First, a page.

U.S. equities finished the trading session mixed, but notched solid gains for the week, as optimism surrounding cooled U.S.-China trade worries and stabilization in Treasury yields came up against some mixed earnings and economic data. As well, volume was a bit lighter than usual ahead of the three-day Labor Day holiday weekend. On the earnings front, Ulta Beauty missed expectations and lowered its guidance, but Campbell Soup provided upbeat quarterly figures. In economic news, personal income missed the Street’s forecast, but spending topped expectations, a read on regional manufacturing activity returned to expansion territory, and consumer sentiment saw a sharp decline. Treasury yields finished lower and the U.S. dollar gained solid ground, while gold and crude oil prices fell.

The Dow Jones Industrial Average (DJIA) rose 41 points (0.2%) to 26,403, the S&P 500 Index added 2 points (0.1%) to 2,926 and the Nasdaq Composite declined 11 points (0.1%) to 7,963. In moderately-light volume, 858 million shares were traded on the NYSE and 1.6 billion shares changed hands on the Nasdaq. WTI crude oil moved $1.61 lower to $55.10 per barrel and wholesale gasoline was down $0.04 at $1.53 per gallon. Elsewhere, the Bloomberg gold spot price declined $3.83 to $1,523.80 per ounce, and the Dollar Index—a comparison of the U.S. dollar to six major world currencies—rose 0.4% to 98.87. Markets were higher for the week, as the DJIA increased 3.0%, the S&P 500 Index gained 2.8% and the Nasdaq Composite advanced 2.7%.

Personal income ticked 0.1% higher month-over-month (m/m) in July, versus the Bloomberg forecast of a 0.3% gain, and versus June’s upwardly-revised 0.5% rise. Personal spending rose 0.6%, above estimates of a 0.5% increase, and following June’s unrevised 0.3% rise. The July savings rate as a percentage of disposable income was 7.7%. The PCE Deflator was up 0.2% m/m, in line with expectations and compared to the prior month’s unrevised 0.1% advance. Compared to last year, the deflator was 1.4% higher, matching expectations and compared to June’s downwardly-revised 1.3% rise. Excluding food and energy, the PCE Core Index was 0.2% higher m/m, in line with expectations calling for it to be in line with June’s unadjusted gain. The index was 1.6% higher y/y, in line with estimates to match June’s unrevised rise.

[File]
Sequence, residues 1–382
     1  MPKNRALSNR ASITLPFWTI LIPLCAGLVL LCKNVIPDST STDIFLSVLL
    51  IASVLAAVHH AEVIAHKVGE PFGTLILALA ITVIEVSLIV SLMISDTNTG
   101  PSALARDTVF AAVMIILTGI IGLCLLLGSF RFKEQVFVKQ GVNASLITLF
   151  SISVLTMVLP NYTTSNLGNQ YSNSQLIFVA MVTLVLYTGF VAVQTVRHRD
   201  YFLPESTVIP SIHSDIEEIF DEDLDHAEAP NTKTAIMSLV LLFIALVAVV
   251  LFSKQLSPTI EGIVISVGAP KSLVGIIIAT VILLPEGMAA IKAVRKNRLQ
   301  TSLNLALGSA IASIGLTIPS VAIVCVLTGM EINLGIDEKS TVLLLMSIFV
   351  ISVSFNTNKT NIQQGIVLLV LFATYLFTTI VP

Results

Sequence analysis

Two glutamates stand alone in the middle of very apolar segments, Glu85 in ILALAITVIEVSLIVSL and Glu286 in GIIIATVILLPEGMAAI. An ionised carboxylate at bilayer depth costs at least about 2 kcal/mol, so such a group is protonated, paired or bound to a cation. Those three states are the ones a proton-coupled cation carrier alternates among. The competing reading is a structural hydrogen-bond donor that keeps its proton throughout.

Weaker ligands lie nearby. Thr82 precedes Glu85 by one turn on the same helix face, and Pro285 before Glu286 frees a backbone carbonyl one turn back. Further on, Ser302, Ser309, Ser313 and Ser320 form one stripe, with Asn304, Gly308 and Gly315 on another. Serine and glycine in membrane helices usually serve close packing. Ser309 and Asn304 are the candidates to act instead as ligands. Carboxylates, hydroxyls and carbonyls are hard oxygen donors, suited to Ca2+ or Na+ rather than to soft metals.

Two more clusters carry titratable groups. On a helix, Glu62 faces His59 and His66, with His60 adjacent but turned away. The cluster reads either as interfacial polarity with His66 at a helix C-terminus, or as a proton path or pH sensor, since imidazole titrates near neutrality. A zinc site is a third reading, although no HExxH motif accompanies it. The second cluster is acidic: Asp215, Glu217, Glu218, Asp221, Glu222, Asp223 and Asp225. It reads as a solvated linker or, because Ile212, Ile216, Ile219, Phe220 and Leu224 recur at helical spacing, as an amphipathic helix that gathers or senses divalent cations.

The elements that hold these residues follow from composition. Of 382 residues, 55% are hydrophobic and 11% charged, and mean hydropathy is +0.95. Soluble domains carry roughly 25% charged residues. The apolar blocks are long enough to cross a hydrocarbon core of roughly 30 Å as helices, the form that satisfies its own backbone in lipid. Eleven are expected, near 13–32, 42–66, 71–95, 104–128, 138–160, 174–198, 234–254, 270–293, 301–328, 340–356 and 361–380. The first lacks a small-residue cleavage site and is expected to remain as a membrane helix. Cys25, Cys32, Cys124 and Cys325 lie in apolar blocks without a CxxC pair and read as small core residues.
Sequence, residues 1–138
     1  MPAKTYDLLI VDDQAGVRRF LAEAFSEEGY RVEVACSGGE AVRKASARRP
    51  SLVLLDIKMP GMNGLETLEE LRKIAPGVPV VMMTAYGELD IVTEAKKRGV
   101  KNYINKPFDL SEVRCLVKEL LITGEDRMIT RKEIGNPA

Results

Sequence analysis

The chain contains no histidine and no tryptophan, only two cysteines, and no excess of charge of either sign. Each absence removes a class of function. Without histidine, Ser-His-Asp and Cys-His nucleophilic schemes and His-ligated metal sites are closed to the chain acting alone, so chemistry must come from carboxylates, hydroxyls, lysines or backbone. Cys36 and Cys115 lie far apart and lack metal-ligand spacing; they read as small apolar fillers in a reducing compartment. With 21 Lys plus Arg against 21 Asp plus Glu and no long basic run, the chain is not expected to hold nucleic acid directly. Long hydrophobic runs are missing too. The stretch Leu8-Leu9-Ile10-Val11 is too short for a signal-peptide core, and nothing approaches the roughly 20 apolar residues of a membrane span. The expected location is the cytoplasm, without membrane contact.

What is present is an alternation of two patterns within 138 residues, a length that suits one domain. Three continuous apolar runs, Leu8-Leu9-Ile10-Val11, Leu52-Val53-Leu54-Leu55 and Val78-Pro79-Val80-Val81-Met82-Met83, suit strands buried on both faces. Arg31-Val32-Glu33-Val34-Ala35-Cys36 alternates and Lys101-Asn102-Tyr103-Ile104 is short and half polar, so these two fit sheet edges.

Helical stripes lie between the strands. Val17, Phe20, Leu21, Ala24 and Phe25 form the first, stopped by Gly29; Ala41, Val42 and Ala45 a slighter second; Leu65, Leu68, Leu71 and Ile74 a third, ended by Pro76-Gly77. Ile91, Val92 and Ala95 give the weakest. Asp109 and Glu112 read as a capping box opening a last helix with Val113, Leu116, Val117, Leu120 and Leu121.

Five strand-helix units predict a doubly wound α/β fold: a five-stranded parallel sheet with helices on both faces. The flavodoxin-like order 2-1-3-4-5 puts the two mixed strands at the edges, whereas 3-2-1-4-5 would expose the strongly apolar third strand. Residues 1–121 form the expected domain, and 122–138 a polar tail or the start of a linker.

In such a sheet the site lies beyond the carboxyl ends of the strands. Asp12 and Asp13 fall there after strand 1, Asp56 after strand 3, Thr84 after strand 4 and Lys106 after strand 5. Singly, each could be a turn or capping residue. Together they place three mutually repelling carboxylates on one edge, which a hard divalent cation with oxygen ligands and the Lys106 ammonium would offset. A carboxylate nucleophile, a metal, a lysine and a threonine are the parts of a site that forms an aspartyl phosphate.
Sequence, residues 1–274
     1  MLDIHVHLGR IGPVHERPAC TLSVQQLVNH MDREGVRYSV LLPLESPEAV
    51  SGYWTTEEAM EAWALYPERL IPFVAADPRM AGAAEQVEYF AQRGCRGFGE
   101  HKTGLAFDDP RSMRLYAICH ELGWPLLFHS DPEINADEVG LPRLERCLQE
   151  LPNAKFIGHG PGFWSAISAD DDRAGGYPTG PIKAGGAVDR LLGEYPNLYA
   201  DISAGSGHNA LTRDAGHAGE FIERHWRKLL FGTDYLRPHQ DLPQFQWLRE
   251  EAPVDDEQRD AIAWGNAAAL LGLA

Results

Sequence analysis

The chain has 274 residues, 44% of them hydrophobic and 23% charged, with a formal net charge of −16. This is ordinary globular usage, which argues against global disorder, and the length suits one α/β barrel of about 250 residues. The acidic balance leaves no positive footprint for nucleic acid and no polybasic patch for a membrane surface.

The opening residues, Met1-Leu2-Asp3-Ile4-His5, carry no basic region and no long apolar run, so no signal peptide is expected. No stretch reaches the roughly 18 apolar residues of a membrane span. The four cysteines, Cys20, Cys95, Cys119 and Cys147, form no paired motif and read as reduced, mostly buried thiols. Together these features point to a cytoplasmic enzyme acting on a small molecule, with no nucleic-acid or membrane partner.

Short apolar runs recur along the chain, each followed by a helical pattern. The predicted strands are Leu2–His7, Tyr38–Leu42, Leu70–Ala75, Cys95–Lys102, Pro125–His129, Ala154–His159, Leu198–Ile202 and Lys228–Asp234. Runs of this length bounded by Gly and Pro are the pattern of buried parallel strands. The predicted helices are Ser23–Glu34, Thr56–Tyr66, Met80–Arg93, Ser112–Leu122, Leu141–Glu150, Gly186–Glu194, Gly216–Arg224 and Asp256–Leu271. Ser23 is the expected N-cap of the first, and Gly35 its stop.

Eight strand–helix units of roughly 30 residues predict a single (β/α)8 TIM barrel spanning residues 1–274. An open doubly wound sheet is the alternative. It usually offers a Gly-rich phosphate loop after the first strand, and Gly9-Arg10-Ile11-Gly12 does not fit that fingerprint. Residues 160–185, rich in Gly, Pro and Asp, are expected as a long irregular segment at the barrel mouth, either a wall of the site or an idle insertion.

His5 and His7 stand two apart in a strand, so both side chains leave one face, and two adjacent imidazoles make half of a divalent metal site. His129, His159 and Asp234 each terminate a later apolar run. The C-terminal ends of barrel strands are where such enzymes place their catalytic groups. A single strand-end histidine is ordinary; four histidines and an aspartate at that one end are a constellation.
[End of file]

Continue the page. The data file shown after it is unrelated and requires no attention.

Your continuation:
The final August University of Michigan Consumer Sentiment Index (chart) was downwardly-adjusted to 89.8, from the preliminary figure of 92.1, compared to estimates of 92.4. The index was below July’s 98.4 level and hit the lowest level since October 2016. Both the current conditions and expectations components of the index fell. The 1-year inflation forecast ticked higher to 2.7% from July’s 2.6% rate, and the 5-10 year inflation outlook rose to 2.6% from 2.5%.

The Chicago PMI Index surprisingly moved back to a level depicting expansions (a reading above 50), rising to 50.4 in August from July’s 44.4 level and compared to the expected increase to 47.5. This snapped a string of two months in contraction territory as new orders and order backlog regained expansion territory, while contractions in employment and production decelerated.

Treasuries finished higher, as the yields on the 2-year and 10-year notes, along with the 30-year bond were 2 basis points (bps) lower at 1.50%, 1.50% and 1.96%, respectively.

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